The Habsburgs (spelled Hapsburg as an Americanization) were one of Europe’s most powerful governing dynasties, dominating from the 13th century through 1918.
Austria, Bohemia, Croatia, Hungary, Slovakia, and Slovenia, were once part of the monarchy’s extensive empire, as were considerable sections of Poland, Romania, and Italy.
Although their dominance in Spain began in 1516, the Habsburgs, who were originally of German and Austrian descent, had ruled over various portions of Europe since the 13th century.
The royal family’s rise to prominence began in 1273 when Rudolf I was crowned King of the Roman Germans.
The king of Bohemia, Ottokar II Premysl, refused to acknowledge Rudolf, sparking a royal feud. As a result, Ottokar ascended to the throne of Austria, after which he was assassinated in combat.
Rudolf took over as king of Austria and granted his sons land, which was how the Habsburg dynasty began in Austria.
For the next 100 years, the Habsburgs expanded their empire. In 1363, they conquered Tyrol, an Alps region shared by Austria and Northern Italy.
The 1500s saw a rapid expansion of the Habsburg empire when Maximilian married Charles the Bold’s daughter Mary and acquired control of the coveted Burgundy region in the 1500s. This catapulted the family to the A-list of royals.
The 1600s saw the Habsburgs at the height of their royal power, and they reaped the benefits over the next century.
The royal family of the Habsburgs included emperor, bishop, and patron of the arts Leopold Wilhelm, reformer Joseph I, Charles VI, who governed Spain and groomed his daughter to succeed him, and Rudolf II, who chose to reside in Prague and supported both science and art.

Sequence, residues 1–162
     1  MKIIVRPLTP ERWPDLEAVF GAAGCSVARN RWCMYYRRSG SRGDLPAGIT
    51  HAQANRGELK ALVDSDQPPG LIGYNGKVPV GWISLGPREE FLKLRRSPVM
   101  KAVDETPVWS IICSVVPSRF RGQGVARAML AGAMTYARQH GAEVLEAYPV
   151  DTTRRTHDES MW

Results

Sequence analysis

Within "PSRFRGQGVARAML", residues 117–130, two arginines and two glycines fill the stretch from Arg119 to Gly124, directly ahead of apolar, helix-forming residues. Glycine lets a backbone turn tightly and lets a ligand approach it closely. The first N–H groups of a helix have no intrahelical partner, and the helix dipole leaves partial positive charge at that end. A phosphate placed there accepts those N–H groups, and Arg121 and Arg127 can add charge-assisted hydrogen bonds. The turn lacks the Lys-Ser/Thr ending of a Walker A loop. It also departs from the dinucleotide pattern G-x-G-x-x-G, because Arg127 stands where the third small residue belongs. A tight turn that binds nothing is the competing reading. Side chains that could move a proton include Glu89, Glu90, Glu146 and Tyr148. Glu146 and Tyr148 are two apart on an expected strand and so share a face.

The Habsburg jaw was first identified during this period (the reign of Rudolf II) by royal observers who saw a startling resemblance in the jawlines of several members of the Habsburg family.
What Is The Habsburg Jaw?
A large lower jaw was a characteristic of the Habsburgs, notably Joseph I, Charles I of Spain, and Charles II.
According to research in the Journal of Medical Genetics in 1988, nine consecutive generations of the Habsburg family had this prominent jawline; therefore, it became known as the Habsburg jaw.
The medical terminology for this type of jawline is mandibular prognathism, which occurs when the jaw juts forward so much that it produces a severe underbite.
It distorts the face’s structure, and the teeth don’t line up properly. The Habsburgs, according to researchers, also suffered from a mandibular deficit, a constellation of anomalies that can impair speaking and eating as well as skeletal, neuromuscular, occlusal, and esthetic issues.
The characteristic jawline was more prevalent among the male Habsburgs, but it also affected female Habsburgs, notably Mariana of Austria, the queen of Spain.
Maria Luisa of Spain and her sister Anne Marie of Sardinia were depicted in paintings by José Garca Hidalgo of Spain. The Habsburg family jaw is clearly visible in the portraits.
What Caused the Habsburg Jaw
In the late 1400s, the marriage of Habsburg ruler Philip I to Joana of Castile, the female heir to what is now much of Spain, secured the Habsburgs’ authority over most of Europe at the time.
However, just as the Spanish Habsburgs had obtained the throne through marriage, they were well aware that it could quickly leave the same way.
They started exclusively looking for royal spouses from inside their own family in their quest to maintain the Spanish monarchy within the family.